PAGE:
1. Of course, the BEST thing about blogging is meeting so many interesting people around the world, but the next best thing is being able to "see" and learn about so many places in the world we wouldn't otherwise see or know. Thanks so much for this post! Lots of new things here for me.

    That Roundhouse is neat-looking. Way back when, one of my ancestors in Scotland was shipped to a penal colony of some sort in Australia. Makes me wonder if he spent time there in that roundhouse.

    You're gonna think I'm terribly dumb, but I didn't realize Australians played American-style football. (See what neat stuff I learn here?)

    Happy weekend!

    1. Thanks Susan. Glad you are enjoying posts about our country.
      The Roundhouse was actually the fist gaol built in W.A. but is now of course a showpiece for tourists to visit. A larger gaol was built a few years later by convicts and is now a museum where they hold different events throughout the year.
      Aussie Rules football is nothing at all like American-style football. They wear no padding of any kind although there are plenty of knocks and bumps and injuries are sustained every week.
      Australians also play two types of rugby - Union and League and of course soccer is ver popular here, especially among many of the migrants.
      My daughter also had two convicts transported from the UK years ago and she attended a ceremony at the old Fremantle gaol to receive certificates showing her ancestry which was quite exciting for her (I went along as her guest that day).

  2. I went to Freemantle for work many years ago, and have fond memories. It is a lovely city. Thank you.
    And sadly, I find black boys (and again no offence) MUCH easier to say and to remember...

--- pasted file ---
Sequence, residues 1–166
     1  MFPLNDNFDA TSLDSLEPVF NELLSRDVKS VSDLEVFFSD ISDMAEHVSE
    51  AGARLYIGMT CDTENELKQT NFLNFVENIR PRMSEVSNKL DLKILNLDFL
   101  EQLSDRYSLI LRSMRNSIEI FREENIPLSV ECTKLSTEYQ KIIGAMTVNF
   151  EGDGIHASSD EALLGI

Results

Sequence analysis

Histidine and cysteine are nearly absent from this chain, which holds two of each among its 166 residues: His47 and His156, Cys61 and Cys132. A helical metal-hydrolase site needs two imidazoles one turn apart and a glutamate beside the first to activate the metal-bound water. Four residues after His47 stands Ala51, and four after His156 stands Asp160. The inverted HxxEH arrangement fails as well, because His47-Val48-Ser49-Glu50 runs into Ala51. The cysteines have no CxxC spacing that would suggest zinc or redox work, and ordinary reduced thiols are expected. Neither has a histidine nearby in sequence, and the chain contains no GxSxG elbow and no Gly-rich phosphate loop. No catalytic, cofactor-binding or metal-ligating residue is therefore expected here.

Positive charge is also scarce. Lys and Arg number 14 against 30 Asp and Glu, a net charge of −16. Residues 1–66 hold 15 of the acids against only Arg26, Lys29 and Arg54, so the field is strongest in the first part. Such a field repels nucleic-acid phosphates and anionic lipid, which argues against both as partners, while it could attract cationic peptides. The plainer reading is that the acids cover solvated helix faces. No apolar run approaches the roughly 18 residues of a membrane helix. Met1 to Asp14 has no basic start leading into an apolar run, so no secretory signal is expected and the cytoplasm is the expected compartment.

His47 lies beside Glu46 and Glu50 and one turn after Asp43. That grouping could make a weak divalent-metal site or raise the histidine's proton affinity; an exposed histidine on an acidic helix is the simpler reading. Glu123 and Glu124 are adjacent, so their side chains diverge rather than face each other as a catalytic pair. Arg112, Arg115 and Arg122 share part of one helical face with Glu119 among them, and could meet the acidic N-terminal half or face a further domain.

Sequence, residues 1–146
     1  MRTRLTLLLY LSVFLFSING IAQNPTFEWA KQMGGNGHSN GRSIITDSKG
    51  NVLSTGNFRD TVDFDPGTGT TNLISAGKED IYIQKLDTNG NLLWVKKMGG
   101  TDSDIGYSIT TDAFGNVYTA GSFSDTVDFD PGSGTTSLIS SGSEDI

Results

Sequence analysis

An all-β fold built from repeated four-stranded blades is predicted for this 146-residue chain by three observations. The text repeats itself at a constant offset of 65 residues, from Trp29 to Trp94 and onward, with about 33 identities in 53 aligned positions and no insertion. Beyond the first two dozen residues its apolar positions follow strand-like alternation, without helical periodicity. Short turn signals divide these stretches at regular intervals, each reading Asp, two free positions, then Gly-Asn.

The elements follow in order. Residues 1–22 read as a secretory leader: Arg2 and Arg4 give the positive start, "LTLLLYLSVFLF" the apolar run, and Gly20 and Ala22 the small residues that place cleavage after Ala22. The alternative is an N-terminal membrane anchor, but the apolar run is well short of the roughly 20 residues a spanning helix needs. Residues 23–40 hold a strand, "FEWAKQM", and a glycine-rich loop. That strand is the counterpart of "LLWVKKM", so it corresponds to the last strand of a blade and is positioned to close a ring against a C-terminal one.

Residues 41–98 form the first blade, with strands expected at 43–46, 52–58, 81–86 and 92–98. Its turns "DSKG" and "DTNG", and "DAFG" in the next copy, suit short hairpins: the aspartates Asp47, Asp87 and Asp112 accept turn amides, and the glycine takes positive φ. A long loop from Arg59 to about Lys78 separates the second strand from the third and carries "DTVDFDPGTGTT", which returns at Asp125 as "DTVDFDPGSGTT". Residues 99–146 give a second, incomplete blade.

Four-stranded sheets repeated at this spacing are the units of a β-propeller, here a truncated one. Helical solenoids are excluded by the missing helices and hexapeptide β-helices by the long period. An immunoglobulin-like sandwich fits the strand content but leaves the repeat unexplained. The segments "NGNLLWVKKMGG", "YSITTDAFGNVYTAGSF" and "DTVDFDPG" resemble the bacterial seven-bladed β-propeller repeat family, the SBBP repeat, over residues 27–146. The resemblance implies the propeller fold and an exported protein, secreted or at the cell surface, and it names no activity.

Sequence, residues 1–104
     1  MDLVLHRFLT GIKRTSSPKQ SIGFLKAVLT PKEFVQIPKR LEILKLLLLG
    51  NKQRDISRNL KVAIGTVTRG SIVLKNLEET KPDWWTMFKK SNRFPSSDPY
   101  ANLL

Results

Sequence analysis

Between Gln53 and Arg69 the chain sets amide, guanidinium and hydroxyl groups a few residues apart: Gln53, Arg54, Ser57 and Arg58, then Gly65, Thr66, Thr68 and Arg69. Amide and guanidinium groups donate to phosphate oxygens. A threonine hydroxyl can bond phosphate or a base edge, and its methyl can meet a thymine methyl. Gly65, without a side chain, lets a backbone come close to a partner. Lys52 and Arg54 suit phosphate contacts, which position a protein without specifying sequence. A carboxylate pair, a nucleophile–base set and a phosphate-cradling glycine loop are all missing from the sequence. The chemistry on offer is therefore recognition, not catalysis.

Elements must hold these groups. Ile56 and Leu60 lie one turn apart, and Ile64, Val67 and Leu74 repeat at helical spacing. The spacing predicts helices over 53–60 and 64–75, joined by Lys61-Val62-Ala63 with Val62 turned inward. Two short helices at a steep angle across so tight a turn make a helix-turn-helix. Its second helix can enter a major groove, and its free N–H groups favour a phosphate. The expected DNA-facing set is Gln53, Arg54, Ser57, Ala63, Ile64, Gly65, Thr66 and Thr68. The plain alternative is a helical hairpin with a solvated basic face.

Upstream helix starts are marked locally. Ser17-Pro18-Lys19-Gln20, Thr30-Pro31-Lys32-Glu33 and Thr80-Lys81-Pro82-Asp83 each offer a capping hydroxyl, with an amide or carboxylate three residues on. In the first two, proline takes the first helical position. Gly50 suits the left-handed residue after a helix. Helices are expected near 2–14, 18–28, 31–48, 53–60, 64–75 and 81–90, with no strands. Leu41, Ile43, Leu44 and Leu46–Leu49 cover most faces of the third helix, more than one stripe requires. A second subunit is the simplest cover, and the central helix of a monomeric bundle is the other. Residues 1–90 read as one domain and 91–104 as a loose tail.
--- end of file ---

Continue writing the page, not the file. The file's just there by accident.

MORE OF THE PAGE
1. I'm not sure you would find Fremantle to be the same as you knew it back then. There have been changes and I feel the city is evolving slowly in keeping with modern times. I am so pleased though that they have kept many of their older buildings; unlike Perth where so many were demolished to make way for those monstrosities made of metal and glass.
      I too find blackboys easier to say and still call them that (we have them growing quite near here on the road median strip) and often forget the other name...grass trees. We truly are becoming far too politcally correct about so many simple things.

  3. I love Fremantle and hope to be able to settle down that way in the not to distant future. thanks for the great post and all of the information. xxx Rae

    1. Glad you enjoyed it Rae. River has posted some great pics in and around Freo from when she visited from South Australia recently.

  4. I'm glad to see photos of places that I didn't get around to seeing. Next time I'm there I plan on taking the Ferry up the Swan to Perth and back again.

    1. A river cruise is very enjoyable. There are also the cruises that go up the river to the various vineyards in the Swan Valley. They are very popular.

  5. Hi I came across your blog from my friend Yamini who has been writing on her blog about our first trip to Austrailia in 1984. We started our trip in Perth, do not think we went to Fremantle, which looks great and sorry I missed it.

    I am enjoying reading your posts.

    You can read about Yam's memories of Perth here:

    Sorry not sure how to put a proper link to the page.


    1. Thanks so much for paying my blog a visit. I don't have many followers so it's always exciting to meet someone new. Fremantle is on the coast and only 12 miles from Perth so perhaps you did visit but not realise it? Thank you for the link. I am not sure how to do most things on the computer so always compliment people who can.

  6. I enjoyed learning about "footy" when I was there for the Championships in 2003. It makes our American guys look like wimps with all their padding, time-outs, and offensive and defensive teams. If I lived in Australia, I think I could become a real footy fan.

  7. (Of course the best thing about the footy game was the meat pies!)

  8. I am sure you would love watching Aussie Rules football. They certainly are quite rough and tough. The meat pies were always the 'thing' at the game.